Legacy builder Rob Logan posted a message on the LML about a problem he had with excess play in his rudder bellcrank. He found insufficient bearing area between the bottom end of the bushing #6338K412 and the top of the bellcrank bracket #4651 (see page 17-25 of the Legacy Assembly Manual).
Reading of his concerns, I examined the rudder bellcrank assembly on my Legacy #257 and decided to increase size of the bearing surface. I’m no engineer, so who knows what kind of havoc I created, but here’s how I solved it. Use it at your own risk.
I started with a small piece of 1/8” thick ultra high molecular weight polyethylene plastic (UHMW PE). It sounds like something that might come out the toxic waste end of a nuclear reactor, but it’s a very tough, slippery material commonly used for bearings on sliding surfaces. (Available from www.onlinemetals.com) I used a Forstner bit to drill a 5/8” diameter flat-bottomed hole 1/16” deep. This counterbore provides clearance for the bottom end of the bushing, which projects less than 1/16” below the bellcrank. I then used a 1.75” hole saw, centered on the counterbored hole, to drill all the way through the plastic sheet, creating a 1.5” diameter disk. I cleaned up the raw edges on a belt sander.
I used the same 1.75” hole saw to create a 1.5” disk from a piece of aluminum sheet that was .015” thick. Coincidentally, aluminum flashing from Home Depot/Lowes might be about the same thickness.
Lucky for me, the pilot drill on my hole saw is ¼”, which is just the right size for the AN4-13A bolt that goes through the center of the bellcrank assembly, so the clearance hole in the center of the two disks was already the right size.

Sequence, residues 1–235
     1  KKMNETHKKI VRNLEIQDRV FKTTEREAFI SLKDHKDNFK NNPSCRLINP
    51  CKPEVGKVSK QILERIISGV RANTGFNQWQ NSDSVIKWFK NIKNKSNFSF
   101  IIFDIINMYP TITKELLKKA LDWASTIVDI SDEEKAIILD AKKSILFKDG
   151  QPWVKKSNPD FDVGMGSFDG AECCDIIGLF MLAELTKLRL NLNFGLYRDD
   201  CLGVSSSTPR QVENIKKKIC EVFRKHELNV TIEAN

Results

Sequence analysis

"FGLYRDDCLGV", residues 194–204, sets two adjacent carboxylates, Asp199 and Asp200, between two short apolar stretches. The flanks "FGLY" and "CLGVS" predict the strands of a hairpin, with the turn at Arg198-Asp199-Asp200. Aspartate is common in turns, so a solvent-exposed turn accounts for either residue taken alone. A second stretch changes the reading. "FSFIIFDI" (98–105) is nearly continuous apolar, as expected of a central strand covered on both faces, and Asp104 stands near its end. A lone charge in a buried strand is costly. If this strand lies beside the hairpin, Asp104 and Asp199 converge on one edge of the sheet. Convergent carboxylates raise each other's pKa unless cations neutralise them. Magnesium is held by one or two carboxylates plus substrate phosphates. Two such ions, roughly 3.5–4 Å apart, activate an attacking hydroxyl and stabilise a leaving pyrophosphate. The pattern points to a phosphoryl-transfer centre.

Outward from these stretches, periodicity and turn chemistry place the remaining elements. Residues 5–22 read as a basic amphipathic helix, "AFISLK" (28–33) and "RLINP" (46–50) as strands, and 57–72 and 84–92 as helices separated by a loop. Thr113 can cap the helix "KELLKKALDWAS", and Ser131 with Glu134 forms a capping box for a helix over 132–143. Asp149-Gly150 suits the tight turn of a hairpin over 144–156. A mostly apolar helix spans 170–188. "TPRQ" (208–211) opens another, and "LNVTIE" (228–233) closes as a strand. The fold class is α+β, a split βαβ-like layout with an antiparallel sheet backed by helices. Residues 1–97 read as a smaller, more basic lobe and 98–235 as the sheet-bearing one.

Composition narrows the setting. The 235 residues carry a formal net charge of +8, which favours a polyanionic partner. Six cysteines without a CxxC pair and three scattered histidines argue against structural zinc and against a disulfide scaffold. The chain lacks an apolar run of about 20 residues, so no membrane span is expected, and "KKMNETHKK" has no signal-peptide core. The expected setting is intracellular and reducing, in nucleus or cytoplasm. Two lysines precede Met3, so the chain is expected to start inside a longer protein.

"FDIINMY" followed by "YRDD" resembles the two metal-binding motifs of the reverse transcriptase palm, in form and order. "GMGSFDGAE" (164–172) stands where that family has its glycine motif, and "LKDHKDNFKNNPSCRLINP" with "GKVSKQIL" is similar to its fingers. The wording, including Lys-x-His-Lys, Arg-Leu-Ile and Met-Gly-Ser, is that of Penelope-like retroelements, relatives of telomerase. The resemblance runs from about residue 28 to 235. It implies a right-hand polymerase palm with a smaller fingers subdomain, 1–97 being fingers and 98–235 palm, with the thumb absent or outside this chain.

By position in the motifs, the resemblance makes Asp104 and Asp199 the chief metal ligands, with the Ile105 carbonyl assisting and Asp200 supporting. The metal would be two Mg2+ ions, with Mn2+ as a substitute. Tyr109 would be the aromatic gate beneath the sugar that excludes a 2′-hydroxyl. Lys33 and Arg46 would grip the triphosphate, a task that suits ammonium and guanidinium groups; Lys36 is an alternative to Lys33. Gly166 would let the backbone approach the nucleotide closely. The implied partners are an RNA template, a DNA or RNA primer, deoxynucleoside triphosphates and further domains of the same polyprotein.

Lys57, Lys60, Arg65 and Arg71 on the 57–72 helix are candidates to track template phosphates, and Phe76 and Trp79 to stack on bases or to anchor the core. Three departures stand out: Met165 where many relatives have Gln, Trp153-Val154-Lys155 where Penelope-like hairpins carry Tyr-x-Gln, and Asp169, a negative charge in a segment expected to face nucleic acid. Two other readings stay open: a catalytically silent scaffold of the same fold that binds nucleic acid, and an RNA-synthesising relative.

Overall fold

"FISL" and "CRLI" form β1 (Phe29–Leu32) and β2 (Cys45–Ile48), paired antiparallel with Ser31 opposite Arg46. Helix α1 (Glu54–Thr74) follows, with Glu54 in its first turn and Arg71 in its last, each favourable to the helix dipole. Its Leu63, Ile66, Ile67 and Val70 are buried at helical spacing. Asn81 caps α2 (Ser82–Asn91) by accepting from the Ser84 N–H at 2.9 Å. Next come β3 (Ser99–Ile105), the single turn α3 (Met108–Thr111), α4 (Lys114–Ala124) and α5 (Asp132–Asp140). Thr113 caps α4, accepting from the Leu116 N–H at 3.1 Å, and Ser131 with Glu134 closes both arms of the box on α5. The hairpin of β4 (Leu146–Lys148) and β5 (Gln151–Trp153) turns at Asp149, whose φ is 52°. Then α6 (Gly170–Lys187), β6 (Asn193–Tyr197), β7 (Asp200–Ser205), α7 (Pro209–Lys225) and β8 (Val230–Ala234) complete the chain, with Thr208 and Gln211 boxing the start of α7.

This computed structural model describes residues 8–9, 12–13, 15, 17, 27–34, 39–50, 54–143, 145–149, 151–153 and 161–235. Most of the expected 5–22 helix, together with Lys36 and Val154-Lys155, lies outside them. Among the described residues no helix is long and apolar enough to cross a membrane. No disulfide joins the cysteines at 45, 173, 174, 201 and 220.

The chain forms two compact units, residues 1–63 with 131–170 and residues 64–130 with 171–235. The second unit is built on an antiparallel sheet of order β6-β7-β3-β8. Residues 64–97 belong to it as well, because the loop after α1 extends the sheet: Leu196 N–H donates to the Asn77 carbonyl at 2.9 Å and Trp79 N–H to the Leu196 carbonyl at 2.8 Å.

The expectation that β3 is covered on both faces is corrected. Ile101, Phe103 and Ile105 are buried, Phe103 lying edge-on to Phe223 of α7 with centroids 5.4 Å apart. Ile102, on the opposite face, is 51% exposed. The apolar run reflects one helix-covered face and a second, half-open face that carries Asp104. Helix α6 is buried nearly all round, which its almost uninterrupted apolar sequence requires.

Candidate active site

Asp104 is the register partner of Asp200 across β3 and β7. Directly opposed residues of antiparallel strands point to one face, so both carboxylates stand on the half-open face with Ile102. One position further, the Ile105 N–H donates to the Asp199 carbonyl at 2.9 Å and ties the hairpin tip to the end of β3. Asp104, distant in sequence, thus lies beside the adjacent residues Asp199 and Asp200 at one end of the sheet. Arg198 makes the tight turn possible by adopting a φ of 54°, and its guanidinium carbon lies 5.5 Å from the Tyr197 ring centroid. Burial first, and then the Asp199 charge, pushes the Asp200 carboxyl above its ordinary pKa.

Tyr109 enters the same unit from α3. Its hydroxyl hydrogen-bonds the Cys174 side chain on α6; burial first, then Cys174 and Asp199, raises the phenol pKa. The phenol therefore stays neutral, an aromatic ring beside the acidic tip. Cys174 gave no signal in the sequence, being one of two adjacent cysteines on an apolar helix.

I put the UHMW plastic washer between the bellcrank and the bellcrank bracket. This is the heart of the modification. The plastic washer creates a huge bearing area between the rotating bellcrank and the stationary bellcrank bracket, making for what I hope is a smoother, more durable fitting than the tiny surface area of the end of the bronze (?) bushing rubbing against the bellcrank bracket.
I added a thin (AN960-19L) washer between the bellcrank bracket shear support and the bellcrank bracket, one under each of the outer two bolts that holds the assembly to the fuselage support. The purpose of the thin washers is to adjust for the added thickness of the UHMW plastic washer.
The aluminum disk goes between the bellcrank bracket shear support and the bellcrank, centered on the center bolt that goes through the entire assembly. I needed the .015” aluminum washer on mine because that was just enough to take out all the excess play created by the net effect of adding the plastic washer and the thin AN washers. You might need a different combination of washers and shims to make it come out right.
I sanded down the thickness of the plastic washer a small amount to make it fit better. UHMW PE is tough stuff to sand, which is why it works so well in this type of application. I made a jig to hold the washer against a belt sander by screwing a ½” OD steel washer into a block of wood with a small flathead wood screw. The counterbore for the plastic washer fits on top of the metal washer. Hold the plastic washer down on the belt sander using the wood block and the metal washer is trapped inside the counterbore and prevents the plastic washer from slip-sliding away from the force of the moving sanding belt. Frequently stop the belt sander and rotate the plastic washer 90° or so to make sure you don’t bevel the washer. Measure with calipers as you go to make sure the two faces remain roughly parallel.
I used the same AN bolts to attach the assembly to the fuselage support, since they turned out to be long enough. You can look under the fuselage support to confirm that. I put a little bit of grease on all the moving parts and it works as smooth as silk!